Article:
It’s the Internet. And, as Joel McHale said in Alan Sepinwall’s HitFix post regarding the breaking news of Community’s return to the air (err, the web?), “We can swear now.”
The news broke late this afternoon of a deal between Sony Pictures and Yahoo! for an eleventh hour save of our (mostly) beloved comedy about a study group at a Colorado community college. At HitFix, Sepinwall explains today was the last possible point to revive the show as the show’s cast, consisting of McHale, Yvette Nicole Brown, Gillian Jacobs, Danny Pudi, Alison Brie, Jim Rash, John Oliver and Jonathan Banks, were set to be released from their contracts at midnight. (Jacobs secured a recurring role on HBO’s Lena Dunham-vehicle Girls, while Pudi made a surprise cameo in Captain America: The Winter Soldier this past spring, Oliver launched Last Week Tonight on HBO, and McHale showed no signs of leaving his role at host of E!’s The Soup.)
Community, which had an unstable home at major US broadcaster NBC from 2009 to 2014, was not renewed for the 2014/2015 TV season, much to the disappointment of many fans, who redoubled the efforts of their ongoing social media campaign, spearheaded by Catherine Boyd. Fans lobbied Netflix, which resurrected fan-favorite Arrested Development from its premature death at Fox, as well as Comedy Central and Hulu, both of which have syndication deals in place for the show’s previous seasons.
While the relationship between NBC and Community often appeared adversarial, the show undeniably never contributed to returning the network’s Thursday night lineup to it’s “Must See TV” glory days. (Then again, scheduling Community opposite CBS’s inexplicable ratings juggernaut, The Big Bang Theory, never helped. And, like NBC’s other current Thursday night staple, Parks and Recreation, Community may not have drawn massive ratings, but it consistently received high marks from the critics. [For the sake of argument, we’re ignoring season four. Capice?]) The relationship did appear to deteriorate after NBC was acquired by cable TV provider Comcast, and the endtag of the fifth season finale undeniably flipped the bird at the network and its apparent inability to invest in popular primetime programming.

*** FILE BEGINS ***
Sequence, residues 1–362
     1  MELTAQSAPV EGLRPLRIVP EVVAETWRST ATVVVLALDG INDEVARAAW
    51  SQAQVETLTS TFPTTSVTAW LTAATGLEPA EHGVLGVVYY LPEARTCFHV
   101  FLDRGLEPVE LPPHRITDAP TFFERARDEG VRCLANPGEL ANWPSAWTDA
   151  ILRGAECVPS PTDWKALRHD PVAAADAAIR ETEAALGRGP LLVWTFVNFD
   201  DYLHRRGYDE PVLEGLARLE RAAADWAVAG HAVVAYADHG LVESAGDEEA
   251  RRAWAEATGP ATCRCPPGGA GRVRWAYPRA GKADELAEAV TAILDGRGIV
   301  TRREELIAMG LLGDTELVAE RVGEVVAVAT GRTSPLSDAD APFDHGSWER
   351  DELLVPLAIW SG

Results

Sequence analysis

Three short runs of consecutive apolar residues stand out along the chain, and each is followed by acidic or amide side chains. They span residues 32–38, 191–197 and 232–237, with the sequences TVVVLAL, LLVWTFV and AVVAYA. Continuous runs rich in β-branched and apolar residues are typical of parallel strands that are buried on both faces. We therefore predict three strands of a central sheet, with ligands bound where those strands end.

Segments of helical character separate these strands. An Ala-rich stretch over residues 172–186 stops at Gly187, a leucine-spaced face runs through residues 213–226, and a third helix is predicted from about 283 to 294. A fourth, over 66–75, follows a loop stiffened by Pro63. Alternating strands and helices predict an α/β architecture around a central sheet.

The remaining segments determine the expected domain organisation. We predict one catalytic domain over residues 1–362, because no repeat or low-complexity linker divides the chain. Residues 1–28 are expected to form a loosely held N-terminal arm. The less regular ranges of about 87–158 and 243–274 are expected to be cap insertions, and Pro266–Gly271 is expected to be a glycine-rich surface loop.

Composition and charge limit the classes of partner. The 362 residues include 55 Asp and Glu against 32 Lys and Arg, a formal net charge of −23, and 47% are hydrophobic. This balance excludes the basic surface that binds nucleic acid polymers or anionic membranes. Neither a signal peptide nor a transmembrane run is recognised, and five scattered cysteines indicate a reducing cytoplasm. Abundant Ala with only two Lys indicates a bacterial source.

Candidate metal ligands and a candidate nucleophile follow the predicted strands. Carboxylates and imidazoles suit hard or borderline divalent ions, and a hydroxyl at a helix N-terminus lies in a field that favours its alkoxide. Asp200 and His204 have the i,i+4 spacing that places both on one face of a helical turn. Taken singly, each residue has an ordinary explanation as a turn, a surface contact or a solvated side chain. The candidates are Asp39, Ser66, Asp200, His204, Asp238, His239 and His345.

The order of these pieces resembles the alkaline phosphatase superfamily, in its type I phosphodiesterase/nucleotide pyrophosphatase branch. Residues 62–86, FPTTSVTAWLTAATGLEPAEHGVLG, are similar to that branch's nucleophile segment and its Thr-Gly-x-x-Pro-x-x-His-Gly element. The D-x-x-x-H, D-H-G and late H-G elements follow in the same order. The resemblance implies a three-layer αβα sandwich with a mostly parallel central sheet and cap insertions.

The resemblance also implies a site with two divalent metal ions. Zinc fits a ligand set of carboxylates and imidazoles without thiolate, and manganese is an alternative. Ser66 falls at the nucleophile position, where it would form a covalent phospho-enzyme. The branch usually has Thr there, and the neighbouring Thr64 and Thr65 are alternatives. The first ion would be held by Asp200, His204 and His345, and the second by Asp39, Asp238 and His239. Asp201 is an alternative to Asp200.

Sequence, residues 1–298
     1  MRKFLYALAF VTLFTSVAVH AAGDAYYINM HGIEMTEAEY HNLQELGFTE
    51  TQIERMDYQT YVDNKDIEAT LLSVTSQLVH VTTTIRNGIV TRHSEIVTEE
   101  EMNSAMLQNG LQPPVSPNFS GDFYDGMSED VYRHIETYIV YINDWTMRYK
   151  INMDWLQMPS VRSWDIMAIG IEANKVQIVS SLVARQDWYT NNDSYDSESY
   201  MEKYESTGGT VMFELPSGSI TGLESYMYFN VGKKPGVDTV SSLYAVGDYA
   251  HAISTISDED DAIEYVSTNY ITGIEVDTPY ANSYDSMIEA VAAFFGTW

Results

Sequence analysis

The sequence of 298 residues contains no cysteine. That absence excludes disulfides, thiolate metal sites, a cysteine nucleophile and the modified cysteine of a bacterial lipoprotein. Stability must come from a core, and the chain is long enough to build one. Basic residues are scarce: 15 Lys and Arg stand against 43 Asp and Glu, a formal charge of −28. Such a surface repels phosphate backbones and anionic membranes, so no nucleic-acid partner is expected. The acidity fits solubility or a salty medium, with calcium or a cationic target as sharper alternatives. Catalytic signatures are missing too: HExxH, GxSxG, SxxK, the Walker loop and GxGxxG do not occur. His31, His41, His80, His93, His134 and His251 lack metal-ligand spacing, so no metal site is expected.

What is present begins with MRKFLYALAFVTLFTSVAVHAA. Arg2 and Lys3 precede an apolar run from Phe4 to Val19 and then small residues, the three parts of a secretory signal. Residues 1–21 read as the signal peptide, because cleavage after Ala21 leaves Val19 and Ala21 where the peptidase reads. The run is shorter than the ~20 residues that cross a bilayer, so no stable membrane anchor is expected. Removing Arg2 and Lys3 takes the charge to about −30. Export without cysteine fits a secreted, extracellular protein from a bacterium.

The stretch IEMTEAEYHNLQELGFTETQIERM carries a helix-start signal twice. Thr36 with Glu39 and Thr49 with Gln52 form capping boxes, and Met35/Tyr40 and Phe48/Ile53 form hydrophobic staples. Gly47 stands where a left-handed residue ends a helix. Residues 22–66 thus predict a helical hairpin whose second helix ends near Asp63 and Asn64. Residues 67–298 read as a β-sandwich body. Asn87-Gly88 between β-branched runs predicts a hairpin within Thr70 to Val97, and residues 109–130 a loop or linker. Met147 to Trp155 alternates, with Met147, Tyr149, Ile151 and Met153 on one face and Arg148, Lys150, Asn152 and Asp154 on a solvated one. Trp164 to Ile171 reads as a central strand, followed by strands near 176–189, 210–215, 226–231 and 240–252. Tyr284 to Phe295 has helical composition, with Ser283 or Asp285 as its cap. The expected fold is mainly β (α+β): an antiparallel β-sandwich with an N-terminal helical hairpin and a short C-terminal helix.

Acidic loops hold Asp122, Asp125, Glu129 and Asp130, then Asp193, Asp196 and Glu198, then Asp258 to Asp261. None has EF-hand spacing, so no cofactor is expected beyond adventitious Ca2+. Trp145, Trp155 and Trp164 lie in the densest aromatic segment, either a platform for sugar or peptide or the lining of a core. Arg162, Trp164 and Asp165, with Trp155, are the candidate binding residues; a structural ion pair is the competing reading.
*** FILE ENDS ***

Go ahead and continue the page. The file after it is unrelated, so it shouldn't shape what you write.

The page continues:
Yahoo! plans to air Community‘s 13-episode sixth (and likely final) season on Yahoo Screen, an online video service that the Internet corporation plans to use as a platform for new programming. Arguably, using Community to draw the show’s existing fans to the service in the hopes they’ll stick around for other new shows is a savvy move on the part of Yahoo!, although details regarding specifics (premiere date, global availability, access fees, returning cast, etc.) are as yet unavailable.
Community is hardly the first canceled show to be brought back to life. It joins the ranks of Arrested Development, canceled (twice) after three seasons at Fox; The Family Guy, which also fell victim to Fox’s programming manipulations; Firefly, another victim of Fox that was later revived as a major motion picture; and, most recently, Veronica Mars, canceled after three seasons at UPN/The CW only to have a full-length theatrical release crowd funded through KickStarter and released simultaneously as a digital download, through various Video On Demand (VOD) services, and in a limited number of AMC theaters in the U.S.
We here at WWFTP had mixed feelings regarding the show’s fifth season, but were still sad to think we wouldn’t see the cast on our TVs once a week. But as Community has, from the beginning, been immensely popular on the web, it will no doubt be interesting to see how the show transitions from a traditional platform to the brave new world of Internet TV.
More on the Sony Pictures/Yahoo! deal: